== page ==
Not seeing me, not even looking,
K. on her silver cruiser charms her way
through the last long moment
of the changing light:
snow boots and a Seychelles Warbler’s
old blue tights,
a rolled-up yoga mat in her basket
wobbling like a wild tiller as she pedals.
It feels illicit and somewhat right
to stand across the intersection
her name, or even waving.
According to the internet
tutorial, the fact that photons
turn into tiny loyal billiard balls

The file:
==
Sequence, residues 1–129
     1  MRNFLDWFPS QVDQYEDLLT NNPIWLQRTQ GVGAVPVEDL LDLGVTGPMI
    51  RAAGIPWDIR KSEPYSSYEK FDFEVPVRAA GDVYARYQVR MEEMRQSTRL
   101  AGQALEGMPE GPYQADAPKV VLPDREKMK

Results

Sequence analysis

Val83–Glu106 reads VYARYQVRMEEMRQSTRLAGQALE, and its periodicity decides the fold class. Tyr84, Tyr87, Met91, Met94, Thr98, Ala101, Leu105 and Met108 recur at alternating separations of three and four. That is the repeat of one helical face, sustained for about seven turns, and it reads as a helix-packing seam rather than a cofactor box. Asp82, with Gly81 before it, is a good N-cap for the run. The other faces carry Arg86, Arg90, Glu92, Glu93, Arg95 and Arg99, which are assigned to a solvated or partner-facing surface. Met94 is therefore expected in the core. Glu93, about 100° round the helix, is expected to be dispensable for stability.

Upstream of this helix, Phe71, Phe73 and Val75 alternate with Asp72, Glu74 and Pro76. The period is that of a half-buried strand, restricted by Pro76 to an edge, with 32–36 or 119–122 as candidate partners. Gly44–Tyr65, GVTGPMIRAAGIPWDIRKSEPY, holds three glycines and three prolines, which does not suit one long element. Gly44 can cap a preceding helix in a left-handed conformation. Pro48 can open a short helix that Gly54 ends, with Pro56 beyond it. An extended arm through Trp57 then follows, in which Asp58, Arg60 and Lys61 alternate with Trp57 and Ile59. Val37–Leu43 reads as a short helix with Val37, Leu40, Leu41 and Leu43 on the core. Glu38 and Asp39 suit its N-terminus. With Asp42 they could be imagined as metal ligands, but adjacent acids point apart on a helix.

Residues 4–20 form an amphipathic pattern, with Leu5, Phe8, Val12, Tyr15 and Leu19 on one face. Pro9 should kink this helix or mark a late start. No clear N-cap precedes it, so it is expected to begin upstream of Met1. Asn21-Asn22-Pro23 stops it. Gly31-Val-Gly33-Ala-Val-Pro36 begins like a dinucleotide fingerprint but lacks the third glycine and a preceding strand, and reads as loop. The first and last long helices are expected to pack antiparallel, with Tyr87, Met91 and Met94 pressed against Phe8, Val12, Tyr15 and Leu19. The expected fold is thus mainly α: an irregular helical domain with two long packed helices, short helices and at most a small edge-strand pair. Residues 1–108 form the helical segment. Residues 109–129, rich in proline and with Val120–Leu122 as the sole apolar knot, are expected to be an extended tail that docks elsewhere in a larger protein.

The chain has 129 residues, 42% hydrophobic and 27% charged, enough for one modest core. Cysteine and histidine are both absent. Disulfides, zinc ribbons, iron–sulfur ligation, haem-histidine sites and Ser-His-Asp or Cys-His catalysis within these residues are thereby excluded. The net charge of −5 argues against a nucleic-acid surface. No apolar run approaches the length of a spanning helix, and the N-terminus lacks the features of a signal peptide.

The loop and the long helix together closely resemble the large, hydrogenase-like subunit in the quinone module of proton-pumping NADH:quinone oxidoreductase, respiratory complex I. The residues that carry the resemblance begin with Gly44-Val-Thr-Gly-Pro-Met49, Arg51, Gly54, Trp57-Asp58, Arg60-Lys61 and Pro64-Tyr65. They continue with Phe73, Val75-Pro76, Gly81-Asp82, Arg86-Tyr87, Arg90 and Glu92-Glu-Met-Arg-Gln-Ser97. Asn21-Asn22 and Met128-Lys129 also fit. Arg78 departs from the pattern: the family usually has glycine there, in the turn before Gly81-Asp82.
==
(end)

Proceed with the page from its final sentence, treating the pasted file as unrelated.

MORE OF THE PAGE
as soon as we start watching suggests
no error of method
or measurement, but rather,
as far as anyone can tell,
an invisibly unstable world,
a shaking everywhere
that seeing must pin down and fix.
So, that morning I stumbled on you
out, alone, bending through
the traffic at Orange and Edwards Streets:
a someone else then
whom I, alone,
can never otherwise see —
there has to be a kind of speech
beyond naming, or even praise,
that locates light and lets it go.